Can be caught with tweezers: The world’s largest bacterium, 5,000 times larger than its peers and with a much more complex structure, was discovered in Guadeloupe, according to a study published Thursday in the journal Science.
“Thiomargarita magnifica” measures up to two centimeters, looks like an “eyelash” and shakes the codes of microbiology, Olivier Gros, a professor of biology at the University of the West Indies and co-author of the study, told AFP.
In his laboratory on the Fouillol campus in Pointe-à-Pitre, the researcher proudly displays a test tube containing tiny white filaments. When the average size of a bacterium is two to five micrometers, it “can be seen with the naked eye, I can take it out with tweezers!”, he marvels.
It was in the mangroves of Guadalupe that the researcher observed the microbe for the first time, in 2009. “At first I thought it was anything but a bacterium because two centimeters cannot be one”.
Very quickly, cell description techniques with electron microscopy show that, however, it is indeed a bacterial organism.
But at that size, says Professor Gros, “we weren’t sure it was a single cell” – a bacterium being a single-celled microorganism.
A biologist from the same lab reveals that it belongs to the Thiomargarita family, a well-known bacterial genus that uses sulfides to thrive.
And the work carried out in Paris by a CNRS researcher suggests that it is “one and the same cell”, explains Professor Gros.
“As high as Mount Everest”
Convinced of their discovery, the team attempts a first publication in a scientific journal, which fails. “We were told: it’s interesting but we lack the information to believe you”, the evidence is not robust enough in terms of imaging, recalls the biologist.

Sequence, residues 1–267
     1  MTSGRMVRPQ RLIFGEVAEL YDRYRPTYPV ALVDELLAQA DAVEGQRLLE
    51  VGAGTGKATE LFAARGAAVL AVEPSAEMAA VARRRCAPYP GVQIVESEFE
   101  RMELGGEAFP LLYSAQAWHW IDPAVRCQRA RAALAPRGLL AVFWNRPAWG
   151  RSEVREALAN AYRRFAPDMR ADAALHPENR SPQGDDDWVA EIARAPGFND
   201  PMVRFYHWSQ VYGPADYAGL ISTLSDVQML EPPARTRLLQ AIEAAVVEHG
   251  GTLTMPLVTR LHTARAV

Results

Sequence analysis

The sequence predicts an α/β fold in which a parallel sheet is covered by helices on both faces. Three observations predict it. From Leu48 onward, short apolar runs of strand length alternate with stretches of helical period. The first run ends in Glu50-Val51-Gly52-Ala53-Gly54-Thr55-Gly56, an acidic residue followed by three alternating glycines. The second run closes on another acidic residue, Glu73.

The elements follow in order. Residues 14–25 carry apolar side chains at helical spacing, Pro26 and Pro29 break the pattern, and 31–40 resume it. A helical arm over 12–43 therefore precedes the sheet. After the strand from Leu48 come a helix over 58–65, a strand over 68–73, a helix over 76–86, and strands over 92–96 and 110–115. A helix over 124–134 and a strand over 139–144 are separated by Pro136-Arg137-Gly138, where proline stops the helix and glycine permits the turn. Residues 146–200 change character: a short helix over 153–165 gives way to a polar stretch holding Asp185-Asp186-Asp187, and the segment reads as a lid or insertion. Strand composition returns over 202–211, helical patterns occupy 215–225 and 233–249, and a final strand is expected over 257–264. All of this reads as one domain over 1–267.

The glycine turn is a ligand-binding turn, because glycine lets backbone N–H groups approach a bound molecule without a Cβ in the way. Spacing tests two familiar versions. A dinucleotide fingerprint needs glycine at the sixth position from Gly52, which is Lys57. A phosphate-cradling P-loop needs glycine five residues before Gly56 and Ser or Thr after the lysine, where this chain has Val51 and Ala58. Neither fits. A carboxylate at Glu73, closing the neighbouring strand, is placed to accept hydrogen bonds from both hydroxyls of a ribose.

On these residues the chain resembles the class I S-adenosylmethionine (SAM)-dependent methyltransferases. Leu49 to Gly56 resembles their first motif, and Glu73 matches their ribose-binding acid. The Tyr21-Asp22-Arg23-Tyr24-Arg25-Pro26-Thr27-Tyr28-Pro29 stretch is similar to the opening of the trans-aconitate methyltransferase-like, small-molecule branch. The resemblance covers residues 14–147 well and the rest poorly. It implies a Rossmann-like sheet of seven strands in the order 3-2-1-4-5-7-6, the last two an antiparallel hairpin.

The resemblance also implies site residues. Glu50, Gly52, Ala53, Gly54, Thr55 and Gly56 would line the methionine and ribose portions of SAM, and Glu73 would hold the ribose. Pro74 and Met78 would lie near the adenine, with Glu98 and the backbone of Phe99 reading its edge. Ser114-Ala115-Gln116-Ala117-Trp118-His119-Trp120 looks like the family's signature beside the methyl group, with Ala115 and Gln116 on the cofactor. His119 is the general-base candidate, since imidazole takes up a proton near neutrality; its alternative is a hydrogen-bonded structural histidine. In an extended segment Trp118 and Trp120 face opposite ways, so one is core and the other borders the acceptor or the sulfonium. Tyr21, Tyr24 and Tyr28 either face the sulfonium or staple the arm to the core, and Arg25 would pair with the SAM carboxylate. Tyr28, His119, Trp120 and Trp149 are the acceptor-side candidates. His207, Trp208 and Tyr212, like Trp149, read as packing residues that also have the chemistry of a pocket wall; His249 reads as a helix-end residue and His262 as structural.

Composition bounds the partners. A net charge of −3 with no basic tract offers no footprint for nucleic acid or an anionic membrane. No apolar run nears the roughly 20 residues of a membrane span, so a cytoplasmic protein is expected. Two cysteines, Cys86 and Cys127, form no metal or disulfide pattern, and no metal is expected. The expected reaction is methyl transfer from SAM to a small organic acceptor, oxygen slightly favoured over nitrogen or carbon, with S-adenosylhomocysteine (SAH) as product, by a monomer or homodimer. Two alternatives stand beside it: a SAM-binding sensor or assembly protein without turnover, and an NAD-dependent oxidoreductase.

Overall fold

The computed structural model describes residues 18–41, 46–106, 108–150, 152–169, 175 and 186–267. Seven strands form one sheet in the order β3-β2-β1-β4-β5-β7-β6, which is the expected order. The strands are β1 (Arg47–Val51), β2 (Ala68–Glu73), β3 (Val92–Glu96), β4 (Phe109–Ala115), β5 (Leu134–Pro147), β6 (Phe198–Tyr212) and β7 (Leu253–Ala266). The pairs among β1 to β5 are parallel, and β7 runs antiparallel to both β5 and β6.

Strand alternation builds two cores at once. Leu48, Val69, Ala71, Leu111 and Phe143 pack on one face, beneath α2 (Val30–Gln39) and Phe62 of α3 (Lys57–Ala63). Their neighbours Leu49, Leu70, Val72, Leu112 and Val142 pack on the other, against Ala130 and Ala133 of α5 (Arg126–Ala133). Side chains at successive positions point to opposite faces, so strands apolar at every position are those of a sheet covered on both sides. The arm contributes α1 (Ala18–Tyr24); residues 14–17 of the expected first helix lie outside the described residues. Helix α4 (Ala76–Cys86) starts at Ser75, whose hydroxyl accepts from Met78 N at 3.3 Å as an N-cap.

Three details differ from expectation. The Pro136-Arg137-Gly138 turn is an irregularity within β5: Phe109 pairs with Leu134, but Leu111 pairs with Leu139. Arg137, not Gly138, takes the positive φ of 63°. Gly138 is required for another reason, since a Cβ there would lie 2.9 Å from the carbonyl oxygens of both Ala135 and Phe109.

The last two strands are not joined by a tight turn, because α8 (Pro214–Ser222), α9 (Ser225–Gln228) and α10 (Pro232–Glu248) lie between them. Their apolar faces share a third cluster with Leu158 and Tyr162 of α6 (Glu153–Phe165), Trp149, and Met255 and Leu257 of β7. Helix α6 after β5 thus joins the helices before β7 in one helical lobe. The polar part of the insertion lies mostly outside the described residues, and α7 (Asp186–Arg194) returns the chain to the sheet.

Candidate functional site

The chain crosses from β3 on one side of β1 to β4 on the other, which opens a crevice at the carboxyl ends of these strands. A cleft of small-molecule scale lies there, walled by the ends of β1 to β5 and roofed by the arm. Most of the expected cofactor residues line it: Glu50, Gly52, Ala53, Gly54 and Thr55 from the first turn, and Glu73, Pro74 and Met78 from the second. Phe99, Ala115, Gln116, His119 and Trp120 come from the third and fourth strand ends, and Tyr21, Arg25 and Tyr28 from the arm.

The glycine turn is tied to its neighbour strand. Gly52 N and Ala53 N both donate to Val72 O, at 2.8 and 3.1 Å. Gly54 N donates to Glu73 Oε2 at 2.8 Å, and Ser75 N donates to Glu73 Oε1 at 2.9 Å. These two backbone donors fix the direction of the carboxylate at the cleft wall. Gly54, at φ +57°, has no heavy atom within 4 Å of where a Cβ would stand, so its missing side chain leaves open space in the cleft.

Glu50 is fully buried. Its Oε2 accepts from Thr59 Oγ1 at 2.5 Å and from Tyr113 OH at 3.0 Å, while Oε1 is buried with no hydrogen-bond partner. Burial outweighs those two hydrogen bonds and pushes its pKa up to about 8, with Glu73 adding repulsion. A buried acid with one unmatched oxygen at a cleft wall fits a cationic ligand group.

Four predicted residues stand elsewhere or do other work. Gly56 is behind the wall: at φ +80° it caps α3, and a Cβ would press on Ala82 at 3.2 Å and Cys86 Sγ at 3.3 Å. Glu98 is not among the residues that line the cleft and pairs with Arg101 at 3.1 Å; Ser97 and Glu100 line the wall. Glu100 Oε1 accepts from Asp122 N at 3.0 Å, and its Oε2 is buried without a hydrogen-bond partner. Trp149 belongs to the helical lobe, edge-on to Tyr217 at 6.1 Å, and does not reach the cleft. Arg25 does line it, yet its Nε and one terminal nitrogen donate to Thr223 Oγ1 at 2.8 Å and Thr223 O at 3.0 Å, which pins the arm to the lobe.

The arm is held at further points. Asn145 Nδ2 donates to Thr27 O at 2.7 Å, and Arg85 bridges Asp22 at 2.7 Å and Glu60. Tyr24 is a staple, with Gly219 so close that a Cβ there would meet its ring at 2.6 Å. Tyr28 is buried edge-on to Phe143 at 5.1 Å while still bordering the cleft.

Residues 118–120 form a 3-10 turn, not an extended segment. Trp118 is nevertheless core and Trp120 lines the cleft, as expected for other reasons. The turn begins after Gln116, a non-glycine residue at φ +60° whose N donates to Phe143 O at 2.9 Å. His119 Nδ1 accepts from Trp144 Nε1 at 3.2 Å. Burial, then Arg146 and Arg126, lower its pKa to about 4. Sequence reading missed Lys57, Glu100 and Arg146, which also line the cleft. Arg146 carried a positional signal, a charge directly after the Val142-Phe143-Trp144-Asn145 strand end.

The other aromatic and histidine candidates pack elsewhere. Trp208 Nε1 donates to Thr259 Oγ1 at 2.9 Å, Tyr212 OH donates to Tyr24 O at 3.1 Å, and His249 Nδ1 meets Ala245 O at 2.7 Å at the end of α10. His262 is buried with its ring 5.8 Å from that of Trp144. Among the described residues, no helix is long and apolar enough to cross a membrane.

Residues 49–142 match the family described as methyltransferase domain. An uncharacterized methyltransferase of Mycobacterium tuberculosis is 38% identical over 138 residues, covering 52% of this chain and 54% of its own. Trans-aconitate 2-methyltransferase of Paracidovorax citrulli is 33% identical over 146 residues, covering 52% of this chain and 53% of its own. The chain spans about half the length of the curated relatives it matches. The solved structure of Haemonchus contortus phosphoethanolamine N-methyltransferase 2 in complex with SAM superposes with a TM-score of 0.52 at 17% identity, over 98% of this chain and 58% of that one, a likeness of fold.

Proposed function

Enter Jean-Marie Volland, a young postdoctoral student at the University of the West Indies, who will become the first author of the study published in Science.
Not having obtained a professorship-researcher in Guadeloupe, the 30-year-old flew to the United States, where UC Berkeley recruited him. Going there, he had in mind to study the “incredible bacteria” he was already familiar with.
“It would be like meeting a human as high as Mount Everest,” he thought to himself. In the fall of 2018, he received a first packet sent by Professor Gros to the university-run Lawrence Berkeley National Laboratory’s genome sequencing institute.
The challenge was essentially a technical one: to be able to obtain an image of the bacteria as a whole, thanks to “three-dimensional microscopy analyses, at higher magnification”.
In the American laboratory, the researcher had advanced techniques. Without forgetting the significant financial support and “access to researchers specializing in genome sequencing”, recognizes the scientist, describing this American-Guadeloupine collaboration as a “success story”.
Their 3D images finally make it possible to prove that the entire filament is indeed a single cell.
In addition to its “gigantism”, the bacterium also proves to be “more complex” than its peers: a “totally unexpected” discovery, which “greatly shook up knowledge in microbiology”, attests to the researcher.
“While normally in bacteria the DNA floats freely in the cell, in these it is compacted into small structures called pips, a kind of small pockets surrounded by a membrane, which isolate the DNA from the rest of the cell”, develops Jean-Maria Volland.
This compartmentalization of DNA – the carrier molecule of genetic information – is “a characteristic of human, animal, plant cells… and not of bacteria”.
Future research will have to say whether these features are specific to Thiomargarita magnifica or whether they are found in other species of bacteria, according to Olivier Gros.
“This bacterial giant challenges many established rules in microbiology” and “offers us the opportunity to observe and understand how complexity arises in a living bacterium”, enthuses Jean-Marie Volland.